GAM Star Credit Opportunities (EUR)

 April was a positive month for financial markets. Increases in US interest rates paused although we did see moves higher in gilts and European rates. Our securities continued to show their resilience to those moves and once again demonstrated their low sensitivity to interest rates. Spreads within our securities have tightened, but are still significantly wider than pre-Covid-19. As such, we believe that the securities held within our portfolio should benefit from the accommodative stance by central banks, combined with the gradual reopening of European economies. 

Q1 earnings have begun and the results of financials have been strong to date. This is due to the continuation of robust pre-provision income, combined with significantly lower provisions than initially expected, and even provision releases in some cases. As an example, Lloyds Banking Group took an impairment credit of GBP 323 million, meaning that Lloyds had provisioned too much last year for expected credit losses and was therefore able to release a significant amount of those provisions. Moreover, guidance by banks on cost of risk is relatively low. Therefore, from a credit quality standpoint, we believe that financials are in a strong position as they have large amounts of excess capital, combined with strong earnings, low cost of risk and, in several cases, excess provisions for expected credit losses. 

A number of legacy bonds, some of which we held in our funds, were called during the month of April. This has helped the entire market move up. We expect banks to continue cleaning up their legacy securities this year, buying back some of our holdings at premiums to market levels. 

In conclusion, with strong credit quality, valuations which remain more attractive than pre-Covid and a low sensitivity to interest rates, we believe our securities are well positioned to benefit from the current environment.

GAM Star Credit Opportunities (GBP)

 April was a positive month for financial markets. Increases in US interest rates paused although we did see moves higher in gilts and European rates. Our securities continued to show their resilience to those moves and once again demonstrated their low sensitivity to interest rates. Spreads within our securities have tightened, but are still significantly wider than pre-Covid-19. As such, we believe that the securities held within our portfolio should benefit from the accommodative stance by central banks, combined with the gradual reopening of European economies.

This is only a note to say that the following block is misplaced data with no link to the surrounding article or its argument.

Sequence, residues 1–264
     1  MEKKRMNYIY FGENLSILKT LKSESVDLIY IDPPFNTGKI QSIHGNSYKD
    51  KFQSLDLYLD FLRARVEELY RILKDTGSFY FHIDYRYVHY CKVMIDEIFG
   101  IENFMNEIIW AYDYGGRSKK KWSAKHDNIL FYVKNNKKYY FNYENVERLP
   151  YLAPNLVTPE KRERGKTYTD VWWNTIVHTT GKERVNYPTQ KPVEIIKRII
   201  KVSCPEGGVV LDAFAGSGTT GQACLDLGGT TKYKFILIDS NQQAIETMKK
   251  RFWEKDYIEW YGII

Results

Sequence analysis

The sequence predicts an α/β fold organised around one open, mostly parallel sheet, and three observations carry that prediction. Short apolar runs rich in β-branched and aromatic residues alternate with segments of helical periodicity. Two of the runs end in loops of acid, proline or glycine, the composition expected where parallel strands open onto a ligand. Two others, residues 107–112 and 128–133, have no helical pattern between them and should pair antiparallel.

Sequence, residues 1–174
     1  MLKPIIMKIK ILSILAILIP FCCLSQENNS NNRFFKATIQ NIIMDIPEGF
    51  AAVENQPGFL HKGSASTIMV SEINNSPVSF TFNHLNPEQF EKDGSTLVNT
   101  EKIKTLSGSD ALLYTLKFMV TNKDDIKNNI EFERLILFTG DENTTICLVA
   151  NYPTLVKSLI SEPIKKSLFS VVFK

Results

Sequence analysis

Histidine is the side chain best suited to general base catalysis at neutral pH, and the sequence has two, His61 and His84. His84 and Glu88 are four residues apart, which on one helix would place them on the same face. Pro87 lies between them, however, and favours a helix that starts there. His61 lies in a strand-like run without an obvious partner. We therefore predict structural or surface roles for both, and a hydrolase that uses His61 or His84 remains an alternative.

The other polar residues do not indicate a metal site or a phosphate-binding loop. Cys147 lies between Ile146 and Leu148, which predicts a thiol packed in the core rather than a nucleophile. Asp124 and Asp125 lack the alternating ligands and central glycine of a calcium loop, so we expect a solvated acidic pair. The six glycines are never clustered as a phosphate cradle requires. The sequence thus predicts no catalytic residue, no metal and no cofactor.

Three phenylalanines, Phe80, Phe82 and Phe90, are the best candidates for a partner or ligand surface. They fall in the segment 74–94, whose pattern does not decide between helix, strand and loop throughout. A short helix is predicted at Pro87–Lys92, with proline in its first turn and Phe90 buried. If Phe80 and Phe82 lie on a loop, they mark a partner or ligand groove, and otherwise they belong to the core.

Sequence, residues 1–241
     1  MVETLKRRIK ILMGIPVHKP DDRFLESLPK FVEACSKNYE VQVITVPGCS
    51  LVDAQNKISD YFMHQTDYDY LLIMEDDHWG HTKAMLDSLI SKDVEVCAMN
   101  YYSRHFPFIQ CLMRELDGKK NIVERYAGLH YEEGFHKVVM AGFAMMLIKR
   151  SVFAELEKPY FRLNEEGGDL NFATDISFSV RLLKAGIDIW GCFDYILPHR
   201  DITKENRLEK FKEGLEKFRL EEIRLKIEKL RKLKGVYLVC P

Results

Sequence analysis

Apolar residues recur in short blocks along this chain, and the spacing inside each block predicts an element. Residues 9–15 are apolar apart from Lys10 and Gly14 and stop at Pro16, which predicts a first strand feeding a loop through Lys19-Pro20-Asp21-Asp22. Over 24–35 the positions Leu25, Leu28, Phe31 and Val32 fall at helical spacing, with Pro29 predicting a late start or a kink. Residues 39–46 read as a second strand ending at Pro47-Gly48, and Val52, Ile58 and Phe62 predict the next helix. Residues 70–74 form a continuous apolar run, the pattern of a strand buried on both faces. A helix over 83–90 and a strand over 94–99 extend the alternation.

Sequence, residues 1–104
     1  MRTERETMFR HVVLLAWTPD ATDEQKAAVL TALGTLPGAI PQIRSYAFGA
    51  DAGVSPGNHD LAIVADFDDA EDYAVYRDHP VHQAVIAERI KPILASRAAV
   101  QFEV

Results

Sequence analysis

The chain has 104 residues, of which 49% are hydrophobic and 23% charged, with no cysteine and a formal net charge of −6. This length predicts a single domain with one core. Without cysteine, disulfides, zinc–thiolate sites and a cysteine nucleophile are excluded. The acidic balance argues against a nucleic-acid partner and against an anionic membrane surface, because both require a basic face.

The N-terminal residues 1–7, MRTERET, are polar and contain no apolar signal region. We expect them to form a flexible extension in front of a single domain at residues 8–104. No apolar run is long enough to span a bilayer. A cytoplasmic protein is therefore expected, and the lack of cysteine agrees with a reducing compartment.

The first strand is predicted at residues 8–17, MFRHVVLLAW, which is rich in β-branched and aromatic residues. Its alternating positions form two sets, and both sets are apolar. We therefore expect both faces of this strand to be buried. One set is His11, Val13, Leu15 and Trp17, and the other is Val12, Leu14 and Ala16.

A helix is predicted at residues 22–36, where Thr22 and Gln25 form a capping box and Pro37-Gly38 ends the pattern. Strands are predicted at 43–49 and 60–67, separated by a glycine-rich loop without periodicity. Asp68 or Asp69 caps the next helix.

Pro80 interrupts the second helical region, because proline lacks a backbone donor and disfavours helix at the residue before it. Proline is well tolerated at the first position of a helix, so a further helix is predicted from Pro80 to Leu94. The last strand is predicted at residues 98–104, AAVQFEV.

Q1 earnings have begun and the results of financials have been strong to date. This is due to the continuation of robust pre-provision income, combined with significantly lower provisions than initially expected, and even provision releases in some cases. As an example, Lloyds Banking Group took an impairment credit of GBP 323 million, meaning that Lloyds had provisioned too much last year for expected credit losses and was therefore able to release a significant amount of those provisions. Moreover, guidance by banks on cost of risk is relatively low. Therefore, from a credit quality standpoint, we believe that financials are in a strong position as they have large amounts of excess capital, combined with strong earnings, low cost of risk and, in several cases, excess provisions for expected credit losses. 

A number of legacy bonds, some of which we held in our funds, were called during the month of April. This has helped the entire market move up. We expect banks to continue cleaning up their legacy securities this year, buying back some of our holdings at premiums to market levels. 

In conclusion, with strong credit quality, valuations which remain more attractive than pre-Covid and a low sensitivity to interest rates, we believe our securities are well positioned to benefit from the current environment.

GAM Star Credit Opportunities (USD)